Good Compromise vs. Bad Compromise
Looking back I'm surprised how this old me (who I suppose is really the young me) would bend so radically to please a guy, even giving up bending myself into my favorite yogi poses.
Happily, the new me (who I suppose is the old me) knows better. The new old me can clearly see how there's a huge difference between "bad compromise" and "good compromise" in a relationship.
What makes for this difference?
- A "bad compromise" is changing your habits and self in such a way that you wind up becoming less of your full, authentic, thriving self.
- A "good compromise" is changing your habits and self in such a way that you grow more into your most full, authentic, best self
Real-deal love happiness, according to Aristotle, comes from being involved in "a relationship of shared virtue," where you pick a mate who gets you at your core and lovingly inspires, challenges and supports you to become your best possible soul self.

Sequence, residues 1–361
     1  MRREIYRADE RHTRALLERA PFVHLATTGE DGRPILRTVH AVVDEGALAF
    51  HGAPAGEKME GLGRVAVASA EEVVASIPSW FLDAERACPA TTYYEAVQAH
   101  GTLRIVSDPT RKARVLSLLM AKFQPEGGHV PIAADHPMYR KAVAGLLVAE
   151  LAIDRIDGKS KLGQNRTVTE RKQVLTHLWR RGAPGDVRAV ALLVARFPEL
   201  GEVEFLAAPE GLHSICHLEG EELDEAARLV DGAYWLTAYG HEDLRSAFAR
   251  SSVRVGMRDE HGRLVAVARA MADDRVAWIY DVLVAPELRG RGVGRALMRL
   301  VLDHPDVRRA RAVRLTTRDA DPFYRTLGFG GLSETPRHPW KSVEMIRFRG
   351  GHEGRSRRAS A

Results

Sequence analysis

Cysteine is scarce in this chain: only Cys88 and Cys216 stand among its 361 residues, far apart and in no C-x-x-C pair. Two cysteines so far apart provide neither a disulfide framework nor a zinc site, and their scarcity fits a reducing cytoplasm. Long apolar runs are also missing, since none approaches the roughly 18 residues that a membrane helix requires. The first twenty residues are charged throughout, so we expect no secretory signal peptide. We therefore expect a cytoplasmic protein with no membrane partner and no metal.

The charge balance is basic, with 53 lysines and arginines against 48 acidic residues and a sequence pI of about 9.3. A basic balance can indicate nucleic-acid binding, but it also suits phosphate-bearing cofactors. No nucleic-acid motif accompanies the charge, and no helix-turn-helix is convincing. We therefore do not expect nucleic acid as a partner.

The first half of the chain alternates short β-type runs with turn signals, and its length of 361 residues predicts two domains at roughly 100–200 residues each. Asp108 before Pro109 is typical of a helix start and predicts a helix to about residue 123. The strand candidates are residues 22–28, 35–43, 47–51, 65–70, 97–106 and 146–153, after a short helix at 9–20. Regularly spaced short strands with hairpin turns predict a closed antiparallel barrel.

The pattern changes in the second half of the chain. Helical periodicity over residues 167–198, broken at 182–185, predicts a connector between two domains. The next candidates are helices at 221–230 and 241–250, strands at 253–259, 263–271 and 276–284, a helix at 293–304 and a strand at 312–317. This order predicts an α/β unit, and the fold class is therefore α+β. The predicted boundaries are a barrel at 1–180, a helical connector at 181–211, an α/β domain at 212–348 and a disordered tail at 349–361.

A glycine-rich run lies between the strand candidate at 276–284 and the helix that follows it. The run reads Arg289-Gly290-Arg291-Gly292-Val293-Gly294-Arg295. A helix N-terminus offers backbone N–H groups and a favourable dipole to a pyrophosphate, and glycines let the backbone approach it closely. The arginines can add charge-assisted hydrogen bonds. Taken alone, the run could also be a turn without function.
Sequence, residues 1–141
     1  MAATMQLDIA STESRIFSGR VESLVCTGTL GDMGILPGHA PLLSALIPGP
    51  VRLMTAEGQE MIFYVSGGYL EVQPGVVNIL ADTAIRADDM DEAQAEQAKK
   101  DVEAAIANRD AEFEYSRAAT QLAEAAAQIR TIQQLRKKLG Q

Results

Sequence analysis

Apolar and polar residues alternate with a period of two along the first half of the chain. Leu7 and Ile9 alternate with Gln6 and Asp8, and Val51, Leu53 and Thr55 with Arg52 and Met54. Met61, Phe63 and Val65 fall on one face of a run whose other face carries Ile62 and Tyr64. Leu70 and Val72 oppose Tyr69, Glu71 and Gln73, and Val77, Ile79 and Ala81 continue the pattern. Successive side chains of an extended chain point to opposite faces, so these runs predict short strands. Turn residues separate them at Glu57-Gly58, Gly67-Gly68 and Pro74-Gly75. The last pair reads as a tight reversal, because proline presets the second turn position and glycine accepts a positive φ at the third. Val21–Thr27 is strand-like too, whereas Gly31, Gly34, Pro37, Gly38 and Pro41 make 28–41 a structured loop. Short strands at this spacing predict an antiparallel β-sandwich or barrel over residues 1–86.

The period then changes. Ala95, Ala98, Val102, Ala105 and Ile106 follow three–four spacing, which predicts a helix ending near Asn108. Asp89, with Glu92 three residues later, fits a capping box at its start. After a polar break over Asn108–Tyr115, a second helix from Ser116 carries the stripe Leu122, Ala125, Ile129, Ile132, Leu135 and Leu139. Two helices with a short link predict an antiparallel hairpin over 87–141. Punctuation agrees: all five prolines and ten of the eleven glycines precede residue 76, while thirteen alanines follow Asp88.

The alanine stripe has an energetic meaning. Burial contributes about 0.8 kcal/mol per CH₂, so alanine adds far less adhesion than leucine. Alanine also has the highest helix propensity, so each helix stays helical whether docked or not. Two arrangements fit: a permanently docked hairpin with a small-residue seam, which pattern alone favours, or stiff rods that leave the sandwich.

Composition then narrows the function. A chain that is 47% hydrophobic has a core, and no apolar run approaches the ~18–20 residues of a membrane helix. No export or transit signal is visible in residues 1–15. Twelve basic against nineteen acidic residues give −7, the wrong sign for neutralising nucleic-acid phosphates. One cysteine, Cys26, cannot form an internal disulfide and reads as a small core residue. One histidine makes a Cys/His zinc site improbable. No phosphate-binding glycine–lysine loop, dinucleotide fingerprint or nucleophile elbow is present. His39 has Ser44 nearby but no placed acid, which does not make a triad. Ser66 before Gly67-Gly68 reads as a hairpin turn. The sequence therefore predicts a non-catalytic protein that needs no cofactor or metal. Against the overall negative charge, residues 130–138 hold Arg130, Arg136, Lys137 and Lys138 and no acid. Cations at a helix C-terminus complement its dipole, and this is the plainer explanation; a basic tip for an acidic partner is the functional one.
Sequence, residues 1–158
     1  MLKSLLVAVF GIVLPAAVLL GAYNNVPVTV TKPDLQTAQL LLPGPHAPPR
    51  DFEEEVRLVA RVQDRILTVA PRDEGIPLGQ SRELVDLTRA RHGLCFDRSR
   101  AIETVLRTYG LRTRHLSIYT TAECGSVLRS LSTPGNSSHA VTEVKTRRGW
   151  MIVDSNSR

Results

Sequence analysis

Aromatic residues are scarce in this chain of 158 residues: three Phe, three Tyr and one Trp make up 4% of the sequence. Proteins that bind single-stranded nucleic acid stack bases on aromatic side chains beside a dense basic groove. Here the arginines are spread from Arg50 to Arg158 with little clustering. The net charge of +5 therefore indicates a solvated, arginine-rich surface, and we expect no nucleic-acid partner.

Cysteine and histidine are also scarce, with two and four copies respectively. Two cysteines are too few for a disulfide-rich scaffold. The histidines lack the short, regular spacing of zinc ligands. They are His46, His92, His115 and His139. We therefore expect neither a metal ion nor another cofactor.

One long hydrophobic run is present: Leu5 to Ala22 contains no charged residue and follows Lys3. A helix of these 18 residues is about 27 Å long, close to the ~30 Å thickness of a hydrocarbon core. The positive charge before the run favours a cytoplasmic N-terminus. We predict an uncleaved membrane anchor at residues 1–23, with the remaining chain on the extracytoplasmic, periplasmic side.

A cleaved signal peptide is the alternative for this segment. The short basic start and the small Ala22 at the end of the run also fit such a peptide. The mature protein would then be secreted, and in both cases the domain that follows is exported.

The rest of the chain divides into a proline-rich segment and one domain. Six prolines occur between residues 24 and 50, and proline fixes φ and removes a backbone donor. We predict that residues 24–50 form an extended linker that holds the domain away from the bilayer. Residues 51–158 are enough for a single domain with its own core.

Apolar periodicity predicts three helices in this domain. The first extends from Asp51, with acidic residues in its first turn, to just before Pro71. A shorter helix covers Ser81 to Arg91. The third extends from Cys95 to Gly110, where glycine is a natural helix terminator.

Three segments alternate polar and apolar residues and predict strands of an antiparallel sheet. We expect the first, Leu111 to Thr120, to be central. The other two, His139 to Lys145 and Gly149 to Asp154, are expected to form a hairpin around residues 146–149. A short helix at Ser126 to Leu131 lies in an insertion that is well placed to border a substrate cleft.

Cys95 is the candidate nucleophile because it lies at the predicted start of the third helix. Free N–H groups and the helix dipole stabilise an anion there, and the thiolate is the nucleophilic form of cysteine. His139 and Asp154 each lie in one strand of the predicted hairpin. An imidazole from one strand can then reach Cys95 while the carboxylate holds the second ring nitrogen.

"A relationship of shared virtue," therefore, is when you and your partner both welcome putting up with the temporary pain of personal change for the greater gain of personal growth—or what Aristotle calls "the education of the soul."
According to Aristotle, this personal growth or "education of the soul" is definitely worth developing because every time you put forth the effort to stretch and strengthen your soul, you increase your overall happiness. Basically, he believed that true happiness comes from surrounding yourself with people, habits and experiences which help you grow into your best possible self.
With all this in mind, putting in the work of "good compromise" is a positive way to ensure you're stretching and strengthening your soul so you can grow into your best possible self and increase your overall happiness.